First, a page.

One of the most beneficial things you can do for your health is to exercise. When you're exhausted, it's also the last thing you want to do.
But hold off on collapsing on the couch. You'll feel better if you get your body moving. Exercise has been found in several research to enhance sleep quality. More energy comes from a good night's sleep. It's also easier to work out when you're full of energy. It's a lovely cycle.
How does exercising help you sleep better?
Physical activity has been demonstrated to be as helpful as prescription sleep medications in studies. There are several causes for this.
Your body's clock is established by exposure to daylight.
'Try to exercise outside,' advises Dr. 'You get natural light, which aids in the establishment of a healthy sleep-wake cycle in your body.' It instructs your body on when to remain awake and when to relax.'
Can't seem to get outside? Indoor exercises might still help you sleep better.
Exercise helps to alleviate tension and anxiety.
Sleep's deadliest enemies are stress and worry. However, exercise might help you relax and combat the issues that keep you up at night. 'Probably the finest anti-anxiety drug we have is exercise,' Dr. adds. 'When you exercise, your brain produces feel-good hormones that help you to cope with stress.'
Exercising exhausts you.
Your body will drive you to sleep more at night if you are more active throughout the day. 'Exercise boosts your sleep drive,' explains Dr.
However, don't overwork yourself with each workout. Just make certain you're moving about. 'Being active during the day, even if it's just doing chores or going for a brief stroll,' she explains, 'may improve your sleep drive.'
Dr. detected a shift early on in the coronavirus epidemic that was affecting people's sleep patterns. They weren't getting out or moving around as much, which made it more difficult to fall asleep.
'Gyms were closed, many people didn't go to work, and people were generally less active,' she explains. 'Their desire to sleep was diminished as a result of the reduced activity. Add stress to the mix, and you've got a recipe for disaster.
Is it possible to exercise at night and yet get a good night's sleep?
There's a long-held assumption that working out late at night is a poor idea. However, new data has debunked this fallacy.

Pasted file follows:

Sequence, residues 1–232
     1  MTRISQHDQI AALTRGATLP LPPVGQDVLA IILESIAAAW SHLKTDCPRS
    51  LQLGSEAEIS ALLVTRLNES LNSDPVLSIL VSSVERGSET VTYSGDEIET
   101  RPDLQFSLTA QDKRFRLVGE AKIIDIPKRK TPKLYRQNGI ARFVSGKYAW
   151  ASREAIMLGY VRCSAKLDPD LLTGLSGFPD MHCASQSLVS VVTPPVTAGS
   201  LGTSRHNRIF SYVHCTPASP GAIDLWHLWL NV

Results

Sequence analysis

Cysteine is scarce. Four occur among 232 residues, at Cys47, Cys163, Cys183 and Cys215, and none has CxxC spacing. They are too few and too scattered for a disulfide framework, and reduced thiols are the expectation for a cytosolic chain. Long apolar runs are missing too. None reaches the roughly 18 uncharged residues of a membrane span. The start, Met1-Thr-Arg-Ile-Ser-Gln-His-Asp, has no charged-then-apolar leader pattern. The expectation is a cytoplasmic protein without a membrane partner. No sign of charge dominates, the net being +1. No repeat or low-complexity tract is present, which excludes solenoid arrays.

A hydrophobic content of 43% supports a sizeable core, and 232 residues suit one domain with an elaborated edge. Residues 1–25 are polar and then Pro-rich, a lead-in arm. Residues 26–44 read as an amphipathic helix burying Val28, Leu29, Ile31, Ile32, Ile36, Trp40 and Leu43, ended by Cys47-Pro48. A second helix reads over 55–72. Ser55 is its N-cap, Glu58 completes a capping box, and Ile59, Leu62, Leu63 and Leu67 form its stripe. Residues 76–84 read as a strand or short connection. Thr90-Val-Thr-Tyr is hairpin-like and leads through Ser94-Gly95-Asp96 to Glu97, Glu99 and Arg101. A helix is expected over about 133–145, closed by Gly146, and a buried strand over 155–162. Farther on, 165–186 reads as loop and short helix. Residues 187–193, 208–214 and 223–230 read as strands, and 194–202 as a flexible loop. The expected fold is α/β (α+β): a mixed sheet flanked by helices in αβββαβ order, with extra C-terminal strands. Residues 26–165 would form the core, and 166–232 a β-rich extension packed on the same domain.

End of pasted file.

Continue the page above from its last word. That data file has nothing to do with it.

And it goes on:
'Exercise boosts your core body temperature, which must decrease before you can go asleep,' adds Dr. 'This is why many experts felt that exercising at night was a poor idea. Recent research, however, has found no evidence to back up the claim that evening exercise keeps you awake. Just keep the intensity modest to moderate.'
As an evening workout, Dr. advises walking, riding, or yoga. High-intensity workouts should be done in the morning or early afternoon. Also, make sure you finish your workout at least one hour before going to bed.
It's the habit that counts, not the time of day.
If you want to maintain a long-term commitment to exercise, it must become a part of your daily routine.
'It's critical to establish exercise as a habit,' Dr.
'The importance of consistency cannot be overstated. Choose a time of day that is convenient for you and exercise at that time each day. It's difficult to keep doing it if you attempt to squeeze it in whenever you can.'
Set a goal of 30 minutes of exercise five days a week. You can't commit to 30 minutes all at once? Two 15-minute pieces or three 10-minute chunks might also be beneficial.
Will you have a better night's sleep tonight?
You could get a better night's sleep if you start exercising now. But, even if you don't feel fantastic tomorrow, keep going. You'll probably find that you're sleeping better within a week. To improve the quality of your sleep, try the following:
- After lunch, stay away from coffee.
- Dinner should be light (large, heavy meals can keep you awake).
- Before going to bed, stay away from alcohol.
- Finally, if you're exercising regularly but still can't sleep, consult your doctor. You might be suffering from a sleep issue or another ailment. Talk to your doctor if you're experiencing symptoms of anxiety or sadness that aren't improving.